Chapter

The Domesticated Public

Dipankar Gupta

in LEARNING TO FORGET

Published in print December 2005 | ISBN: 9780195674330
Published online October 2012 | e-ISBN: 9780199081820 | DOI: http://dx.doi.org/10.1093/acprof:oso/9780195674330.003.0003
The Domesticated Public

Show Summary Details

Preview

The significance of the public for the making of modernity, and its inherent alienation from past interactive nexuses is frequently neglected. The specifics of the public-private distinction that exist in modern societies are discussed. The absence of clear universal rules in pre-modern societies consistently blocked the development of intersubjectivity. The features of the modern understanding of the public and the private are explained. An important characteristic of modern times is the mutual interpenetration of the public and the private. Intersubjectivity takes leave of the past and of all the considerations that went into the making of traditional community-oriented ‘inter-ego’ relations. Sport discloses some of the features of what is understood by the term ‘public’, and helps in understanding the singular features of modernity. Intersubjectivity is not benevolence, as it is an inbuilt consideration that, at bottom, others are ethical equals.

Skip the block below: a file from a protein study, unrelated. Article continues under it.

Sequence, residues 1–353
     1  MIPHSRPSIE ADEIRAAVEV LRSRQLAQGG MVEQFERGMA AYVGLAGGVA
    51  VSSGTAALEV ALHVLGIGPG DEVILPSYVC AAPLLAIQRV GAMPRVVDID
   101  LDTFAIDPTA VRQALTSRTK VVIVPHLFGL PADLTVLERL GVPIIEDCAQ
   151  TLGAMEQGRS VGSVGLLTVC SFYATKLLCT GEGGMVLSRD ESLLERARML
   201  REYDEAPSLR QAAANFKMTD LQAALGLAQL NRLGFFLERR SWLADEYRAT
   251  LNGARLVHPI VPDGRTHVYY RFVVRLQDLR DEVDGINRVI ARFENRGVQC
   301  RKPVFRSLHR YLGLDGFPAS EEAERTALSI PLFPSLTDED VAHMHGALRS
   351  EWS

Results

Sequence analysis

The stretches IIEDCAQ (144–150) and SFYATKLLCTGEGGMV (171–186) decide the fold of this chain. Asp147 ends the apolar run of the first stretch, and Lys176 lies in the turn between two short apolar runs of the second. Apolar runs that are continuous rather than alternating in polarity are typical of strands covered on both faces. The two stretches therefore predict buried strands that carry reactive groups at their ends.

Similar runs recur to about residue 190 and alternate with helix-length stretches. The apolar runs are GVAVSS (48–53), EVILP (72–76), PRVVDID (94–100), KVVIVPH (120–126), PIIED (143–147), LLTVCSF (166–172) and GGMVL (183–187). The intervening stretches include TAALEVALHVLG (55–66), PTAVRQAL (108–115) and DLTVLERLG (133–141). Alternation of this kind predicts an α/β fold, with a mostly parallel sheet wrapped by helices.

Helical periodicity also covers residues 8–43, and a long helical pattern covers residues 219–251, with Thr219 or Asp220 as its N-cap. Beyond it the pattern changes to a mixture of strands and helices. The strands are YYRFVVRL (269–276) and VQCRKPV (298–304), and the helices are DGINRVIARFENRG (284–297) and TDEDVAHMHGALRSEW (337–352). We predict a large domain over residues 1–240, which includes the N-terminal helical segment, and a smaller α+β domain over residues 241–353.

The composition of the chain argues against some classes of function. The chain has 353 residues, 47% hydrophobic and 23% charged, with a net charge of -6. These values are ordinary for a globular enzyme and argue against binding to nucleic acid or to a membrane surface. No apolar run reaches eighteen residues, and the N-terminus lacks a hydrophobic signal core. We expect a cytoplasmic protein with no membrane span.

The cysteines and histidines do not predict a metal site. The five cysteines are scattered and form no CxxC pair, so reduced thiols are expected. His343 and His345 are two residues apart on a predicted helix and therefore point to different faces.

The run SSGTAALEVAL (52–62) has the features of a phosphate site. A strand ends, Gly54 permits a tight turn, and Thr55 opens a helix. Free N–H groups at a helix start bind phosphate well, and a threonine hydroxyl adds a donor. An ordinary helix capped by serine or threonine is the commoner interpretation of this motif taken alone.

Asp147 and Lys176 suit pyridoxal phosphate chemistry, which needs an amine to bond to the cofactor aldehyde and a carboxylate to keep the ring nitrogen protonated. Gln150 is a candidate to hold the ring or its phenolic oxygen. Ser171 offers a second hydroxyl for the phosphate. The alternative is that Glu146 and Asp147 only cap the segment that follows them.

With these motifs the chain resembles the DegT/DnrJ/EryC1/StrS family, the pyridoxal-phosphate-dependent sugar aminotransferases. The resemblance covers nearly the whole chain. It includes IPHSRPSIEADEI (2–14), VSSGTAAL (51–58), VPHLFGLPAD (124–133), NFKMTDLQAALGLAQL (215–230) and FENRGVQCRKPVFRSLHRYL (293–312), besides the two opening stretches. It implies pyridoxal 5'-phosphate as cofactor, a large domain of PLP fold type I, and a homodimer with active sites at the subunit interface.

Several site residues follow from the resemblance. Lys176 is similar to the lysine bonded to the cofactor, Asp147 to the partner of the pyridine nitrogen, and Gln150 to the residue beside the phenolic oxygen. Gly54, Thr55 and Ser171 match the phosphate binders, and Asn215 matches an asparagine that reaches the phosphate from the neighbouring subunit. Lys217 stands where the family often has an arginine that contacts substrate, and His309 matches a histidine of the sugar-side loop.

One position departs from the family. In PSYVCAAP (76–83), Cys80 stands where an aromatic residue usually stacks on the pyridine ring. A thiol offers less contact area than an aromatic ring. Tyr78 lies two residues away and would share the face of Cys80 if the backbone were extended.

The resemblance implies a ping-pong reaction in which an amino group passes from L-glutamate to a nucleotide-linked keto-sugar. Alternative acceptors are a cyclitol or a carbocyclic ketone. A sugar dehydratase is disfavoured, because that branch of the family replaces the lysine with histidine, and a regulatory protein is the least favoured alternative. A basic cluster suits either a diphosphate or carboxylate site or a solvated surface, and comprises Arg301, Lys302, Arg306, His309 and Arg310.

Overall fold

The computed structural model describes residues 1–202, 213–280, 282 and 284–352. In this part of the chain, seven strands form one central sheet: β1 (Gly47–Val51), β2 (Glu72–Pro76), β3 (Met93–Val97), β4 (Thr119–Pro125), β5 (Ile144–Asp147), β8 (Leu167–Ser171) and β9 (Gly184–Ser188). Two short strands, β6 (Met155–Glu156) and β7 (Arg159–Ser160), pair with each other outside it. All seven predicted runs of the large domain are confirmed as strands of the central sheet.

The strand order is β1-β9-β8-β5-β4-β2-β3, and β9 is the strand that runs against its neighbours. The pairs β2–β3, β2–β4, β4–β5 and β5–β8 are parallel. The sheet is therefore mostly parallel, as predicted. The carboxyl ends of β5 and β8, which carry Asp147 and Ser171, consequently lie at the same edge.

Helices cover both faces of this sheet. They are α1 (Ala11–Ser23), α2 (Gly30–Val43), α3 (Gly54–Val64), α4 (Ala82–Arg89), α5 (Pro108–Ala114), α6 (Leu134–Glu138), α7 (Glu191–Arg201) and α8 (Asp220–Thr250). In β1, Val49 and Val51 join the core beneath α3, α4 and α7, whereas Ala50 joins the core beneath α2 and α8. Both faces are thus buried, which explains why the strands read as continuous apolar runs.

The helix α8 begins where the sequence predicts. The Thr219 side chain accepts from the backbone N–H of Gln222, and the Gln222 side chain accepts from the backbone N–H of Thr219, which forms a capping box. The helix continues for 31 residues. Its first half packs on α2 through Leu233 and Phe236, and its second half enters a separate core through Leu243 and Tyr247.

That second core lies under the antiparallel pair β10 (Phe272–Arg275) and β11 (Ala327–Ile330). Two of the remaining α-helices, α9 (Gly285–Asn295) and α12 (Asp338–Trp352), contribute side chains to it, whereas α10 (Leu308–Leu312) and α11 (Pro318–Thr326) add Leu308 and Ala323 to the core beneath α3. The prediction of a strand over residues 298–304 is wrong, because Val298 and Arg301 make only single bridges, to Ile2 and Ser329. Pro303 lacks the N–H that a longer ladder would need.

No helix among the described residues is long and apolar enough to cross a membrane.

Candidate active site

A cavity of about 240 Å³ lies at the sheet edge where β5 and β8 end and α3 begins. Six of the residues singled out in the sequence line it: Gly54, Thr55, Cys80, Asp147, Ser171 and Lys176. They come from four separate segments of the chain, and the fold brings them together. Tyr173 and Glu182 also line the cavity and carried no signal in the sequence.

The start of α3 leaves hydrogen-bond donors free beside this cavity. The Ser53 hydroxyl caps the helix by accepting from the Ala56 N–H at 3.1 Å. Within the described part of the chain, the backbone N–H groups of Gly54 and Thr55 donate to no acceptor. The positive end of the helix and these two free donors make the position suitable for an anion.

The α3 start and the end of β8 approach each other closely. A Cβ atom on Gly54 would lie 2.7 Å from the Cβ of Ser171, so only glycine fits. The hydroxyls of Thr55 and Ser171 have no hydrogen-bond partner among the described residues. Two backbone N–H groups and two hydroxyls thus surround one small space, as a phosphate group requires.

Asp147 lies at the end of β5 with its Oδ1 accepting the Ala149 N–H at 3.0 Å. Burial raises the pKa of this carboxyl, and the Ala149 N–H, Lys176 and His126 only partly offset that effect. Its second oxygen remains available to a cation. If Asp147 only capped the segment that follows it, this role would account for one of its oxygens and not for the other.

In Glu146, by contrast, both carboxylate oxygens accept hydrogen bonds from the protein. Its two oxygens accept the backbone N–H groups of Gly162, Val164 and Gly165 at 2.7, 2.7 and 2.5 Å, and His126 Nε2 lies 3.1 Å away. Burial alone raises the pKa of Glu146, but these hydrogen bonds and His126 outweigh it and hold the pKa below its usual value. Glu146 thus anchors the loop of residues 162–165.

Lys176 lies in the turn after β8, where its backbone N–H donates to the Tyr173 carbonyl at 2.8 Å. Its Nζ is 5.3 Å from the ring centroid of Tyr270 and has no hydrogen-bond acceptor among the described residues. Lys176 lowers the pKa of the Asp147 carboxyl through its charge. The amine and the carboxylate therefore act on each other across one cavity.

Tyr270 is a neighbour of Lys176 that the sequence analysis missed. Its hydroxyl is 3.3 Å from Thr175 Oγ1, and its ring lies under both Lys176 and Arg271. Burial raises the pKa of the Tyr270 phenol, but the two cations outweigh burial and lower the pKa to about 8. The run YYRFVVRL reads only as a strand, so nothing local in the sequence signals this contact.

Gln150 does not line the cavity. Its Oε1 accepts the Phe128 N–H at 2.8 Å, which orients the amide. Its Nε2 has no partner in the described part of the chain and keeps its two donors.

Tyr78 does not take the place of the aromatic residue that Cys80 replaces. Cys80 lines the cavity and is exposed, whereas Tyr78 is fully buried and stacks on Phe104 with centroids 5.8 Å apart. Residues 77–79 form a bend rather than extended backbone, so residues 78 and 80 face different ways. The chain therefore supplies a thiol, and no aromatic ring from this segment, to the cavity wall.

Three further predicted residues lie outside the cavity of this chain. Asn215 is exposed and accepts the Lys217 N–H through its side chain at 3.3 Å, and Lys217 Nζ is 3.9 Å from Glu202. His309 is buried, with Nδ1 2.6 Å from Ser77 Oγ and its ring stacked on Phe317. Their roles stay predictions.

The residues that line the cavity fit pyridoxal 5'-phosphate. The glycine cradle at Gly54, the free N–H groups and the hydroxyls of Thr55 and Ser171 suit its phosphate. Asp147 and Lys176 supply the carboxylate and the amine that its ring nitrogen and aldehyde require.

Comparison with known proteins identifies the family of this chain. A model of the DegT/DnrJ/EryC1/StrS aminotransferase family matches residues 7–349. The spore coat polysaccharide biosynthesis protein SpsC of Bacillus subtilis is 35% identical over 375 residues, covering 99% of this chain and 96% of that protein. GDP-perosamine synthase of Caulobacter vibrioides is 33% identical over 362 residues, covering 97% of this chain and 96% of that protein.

Keywords: modernity; public; private; intersubjectivity; sport

Chapter.  12246 words. 

Subjects: Comparative and Historical Sociology

Full text: subscription required

How to subscribe Recommend to my Librarian

Buy this work at Oxford University Press »

Users without a subscription are not able to see the full content. Please, subscribe or login to access all content.